“I do not think there is any thrill that can go through the human heart like that felt by the inventor as he sees some creation of the brain unfolding to success. Such emotions make a man forget food, sleep, friends, love, everything.”
—Nikola Tessla, Inventor
My father is a scientist, and I am not.
One of my sharpest childhood memories happened during science fair season in the 3rd grade—my dad, the chemist, is leaning toward me at the kitchen table, and we are surrounded by library books about hydrogen bonds, polar magnetism, and soap-making. We are making soap from scratch. A hunk of chicken is slumped sadly beside us on a chopping board with half its fat cut off in a lumpy yellow pile to mix with the pure lye he brought home from his lab.
I, though, am sobbing. There’s something in the rise of his voice and the craze in his eye that made my 8-year old self feel like I was missing something really, really vital. I was his first child, and every time I failed to hide my boredom an involuntary disappointment flashed across his face. This was the kind of thing that defined him as a scientist, as a man… and I just didn’t get it. Soap was for taking baths with; I didn’t care where it came from. (At the time, I also didn’t really care to take baths.)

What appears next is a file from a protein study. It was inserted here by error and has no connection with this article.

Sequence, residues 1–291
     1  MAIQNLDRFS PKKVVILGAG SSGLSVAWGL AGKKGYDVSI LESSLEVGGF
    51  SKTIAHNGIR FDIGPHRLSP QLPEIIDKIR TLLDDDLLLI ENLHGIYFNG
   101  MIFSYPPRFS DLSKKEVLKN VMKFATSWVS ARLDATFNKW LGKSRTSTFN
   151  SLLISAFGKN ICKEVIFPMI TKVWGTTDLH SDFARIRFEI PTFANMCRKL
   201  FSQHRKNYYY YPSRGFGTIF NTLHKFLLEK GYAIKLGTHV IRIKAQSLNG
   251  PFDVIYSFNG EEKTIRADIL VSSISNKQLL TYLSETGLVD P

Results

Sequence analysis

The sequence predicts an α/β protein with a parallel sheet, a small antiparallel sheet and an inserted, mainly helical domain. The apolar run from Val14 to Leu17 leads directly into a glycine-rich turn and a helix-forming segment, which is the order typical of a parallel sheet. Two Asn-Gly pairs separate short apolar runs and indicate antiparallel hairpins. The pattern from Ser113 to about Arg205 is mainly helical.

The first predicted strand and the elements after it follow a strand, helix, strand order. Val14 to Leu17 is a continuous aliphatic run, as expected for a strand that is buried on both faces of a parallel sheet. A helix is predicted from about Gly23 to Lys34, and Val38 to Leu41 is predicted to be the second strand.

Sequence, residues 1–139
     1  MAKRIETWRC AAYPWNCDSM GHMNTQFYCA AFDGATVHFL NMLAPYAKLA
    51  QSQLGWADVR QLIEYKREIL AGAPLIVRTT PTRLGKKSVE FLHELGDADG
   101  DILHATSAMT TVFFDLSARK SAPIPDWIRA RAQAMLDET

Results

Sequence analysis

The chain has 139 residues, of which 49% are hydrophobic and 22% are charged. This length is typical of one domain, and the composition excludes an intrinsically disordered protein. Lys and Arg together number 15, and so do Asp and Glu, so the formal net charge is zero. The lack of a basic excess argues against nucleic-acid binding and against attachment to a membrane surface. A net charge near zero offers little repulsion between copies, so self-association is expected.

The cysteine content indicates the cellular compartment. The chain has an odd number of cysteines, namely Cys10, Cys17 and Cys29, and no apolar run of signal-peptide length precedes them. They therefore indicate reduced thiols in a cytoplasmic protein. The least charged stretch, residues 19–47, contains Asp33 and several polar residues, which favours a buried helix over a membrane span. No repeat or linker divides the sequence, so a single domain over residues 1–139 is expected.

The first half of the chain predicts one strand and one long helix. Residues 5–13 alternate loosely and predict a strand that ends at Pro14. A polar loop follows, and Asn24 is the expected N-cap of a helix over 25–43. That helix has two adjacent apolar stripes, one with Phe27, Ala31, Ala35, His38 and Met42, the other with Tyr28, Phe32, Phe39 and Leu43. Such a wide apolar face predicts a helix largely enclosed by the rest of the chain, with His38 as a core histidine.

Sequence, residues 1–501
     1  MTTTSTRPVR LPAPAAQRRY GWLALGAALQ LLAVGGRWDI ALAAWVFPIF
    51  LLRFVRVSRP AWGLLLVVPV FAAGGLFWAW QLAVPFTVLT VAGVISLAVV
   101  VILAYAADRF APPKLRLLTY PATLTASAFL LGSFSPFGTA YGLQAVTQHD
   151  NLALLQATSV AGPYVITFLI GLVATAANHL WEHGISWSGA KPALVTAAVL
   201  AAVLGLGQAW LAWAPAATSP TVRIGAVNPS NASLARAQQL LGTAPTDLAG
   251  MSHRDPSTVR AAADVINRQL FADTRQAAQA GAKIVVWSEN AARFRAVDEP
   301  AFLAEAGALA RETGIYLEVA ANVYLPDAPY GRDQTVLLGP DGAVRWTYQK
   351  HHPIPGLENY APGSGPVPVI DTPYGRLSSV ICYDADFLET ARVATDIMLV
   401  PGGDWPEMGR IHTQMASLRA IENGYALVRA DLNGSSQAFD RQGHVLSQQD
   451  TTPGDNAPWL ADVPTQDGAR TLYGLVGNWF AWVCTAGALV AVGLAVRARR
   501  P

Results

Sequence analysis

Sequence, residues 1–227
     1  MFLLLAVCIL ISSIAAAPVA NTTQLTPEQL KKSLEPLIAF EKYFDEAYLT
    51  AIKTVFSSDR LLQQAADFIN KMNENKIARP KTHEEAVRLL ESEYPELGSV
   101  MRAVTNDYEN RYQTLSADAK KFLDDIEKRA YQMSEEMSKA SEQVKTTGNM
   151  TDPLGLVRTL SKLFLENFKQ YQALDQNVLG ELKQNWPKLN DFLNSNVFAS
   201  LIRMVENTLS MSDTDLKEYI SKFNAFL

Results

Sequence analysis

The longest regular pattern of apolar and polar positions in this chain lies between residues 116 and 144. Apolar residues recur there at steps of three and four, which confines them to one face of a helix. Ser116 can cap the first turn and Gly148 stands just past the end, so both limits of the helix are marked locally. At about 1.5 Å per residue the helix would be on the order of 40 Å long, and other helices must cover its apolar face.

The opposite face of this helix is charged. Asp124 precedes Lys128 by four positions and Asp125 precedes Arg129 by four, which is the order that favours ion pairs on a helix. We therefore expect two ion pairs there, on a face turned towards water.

There have been so many guys like my dad. Men who devoted their lives to science and invention and were damned good at what they did, only to find that the world around them just didn’t really get it. Or care. And then those men would disappear into the ether, leaving behind the daily evidence of their passion.
So for those men (and for my dad), I present the “Forgotten Men” series in which we will highlight an unknown inventor every week. Inventors underdogs who created incredible things but never had the textbook limelight of Thomas Edison or Alexander Graham Bell.
And so, we will begin with Francis Wolle, the inventor of the paper bag.
Okay. Paper bags are not immediately fascinating, unless you’re a cat or Fiona Apple. But environmental issues aside (the U.S. uses ten billion paper bags a year, on average), think about what your life would be like without them. At one point the “hip” thing to carry while shopping was a straw cornucopia. (Not cool and potentially allergy-inducing.)
Then, in 1852, Francis Wolle, a Moravian grocery clerk-turned-schoolteacher-turned-clergyman from Pennsylvania, whipped up a machine that looked something like this:
Francis spent a lot of time working at his father’s grocery store in Jacobsburg, Pennsylvania, and after years of fiddling, perfected the design to help his father’s customers carry more things home.
Wolle and his brother then went on to patent the paper bag-making machine and found the Union Bag & Paper Company. The company opened a $4 million plant in Savannah and employed more than 500 workers—a blessing in the depressed South at the time. The plant actually became a bit of a tourist spot where people could come visit and see a thousand feet of paper fly by per minute. (The plant’s still around today.)
With all that said, however, most inventions are refined over time by myriad people. Shortly after Wolle patented his machine, Margaret Knight improved upon the design, adding the cut and folded boxy bottom, and shortly afterward Charles Stillwell added the pleated sides.